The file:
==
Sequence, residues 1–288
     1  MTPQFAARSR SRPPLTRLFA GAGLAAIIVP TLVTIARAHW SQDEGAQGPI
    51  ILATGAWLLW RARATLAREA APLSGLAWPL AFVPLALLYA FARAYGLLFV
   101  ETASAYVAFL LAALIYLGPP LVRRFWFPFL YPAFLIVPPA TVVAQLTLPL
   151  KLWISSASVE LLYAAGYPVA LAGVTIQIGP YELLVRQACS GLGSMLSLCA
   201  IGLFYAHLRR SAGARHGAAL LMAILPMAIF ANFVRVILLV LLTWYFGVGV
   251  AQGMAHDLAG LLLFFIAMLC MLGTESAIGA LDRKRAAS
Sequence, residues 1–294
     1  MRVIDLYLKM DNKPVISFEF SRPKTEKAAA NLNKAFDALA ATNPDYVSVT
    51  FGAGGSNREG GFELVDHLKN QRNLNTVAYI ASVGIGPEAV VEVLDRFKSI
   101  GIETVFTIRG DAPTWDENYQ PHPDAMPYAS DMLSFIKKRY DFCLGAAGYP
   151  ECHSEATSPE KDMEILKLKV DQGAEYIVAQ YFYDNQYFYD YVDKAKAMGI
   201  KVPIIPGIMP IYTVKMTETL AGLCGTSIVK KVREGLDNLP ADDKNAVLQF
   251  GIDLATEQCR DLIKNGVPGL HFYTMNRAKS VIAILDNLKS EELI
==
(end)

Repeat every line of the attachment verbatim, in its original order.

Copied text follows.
Sequence, residues 1–288
     1  MTPQFAARSR SRPPLTRLFA GAGLAAIIVP TLVTIARAHW SQDEGAQGPI
    51  ILATGAWLLW RARATLAREA APLSGLAWPL AFVPLALLYA FARAYGLLFV
   101  ETASAYVAFL LAALIYLGPP LVRRFWFPFL YPAFLIVPPA TVVAQLTLPL
   151  KLWISSASVE LLYAAGYPVA LAGVTIQIGP YELLVRQACS GLGSMLSLCA
   201  IGLFYAHLRR SAGARHGAAL LMAILPMAIF ANFVRVILLV LLTWYFGVGV
   251  AQGMAHDLAG LLLFFIAMLC MLGTESAIGA LDRKRAAS
Sequence, residues 1–294
     1  MRVIDLYLKM DNKPVISFEF SRPKTEKAAA NLNKAFDALA ATNPDYVSVT
    51  FGAGGSNREG GFELVDHLKN QRNLNTVAYI ASVGIGPEAV VEVLDRFKSI
   101  GIETVFTIRG DAPTWDENYQ PHPDAMPYAS DMLSFIKKRY DFCLGAAGYP
   151  ECHSEATSPE KDMEILKLKV DQGAEYIVAQ YFYDNQYFYD YVDKAKAMGI
   201  KVPIIPGIMP IYTVKMTETL AGLCGTSIVK KVREGLDNLP ADDKNAVLQF
   251  GIDLATEQCR DLIKNGVPGL HFYTMNRAKS VIAILDNLKS EELI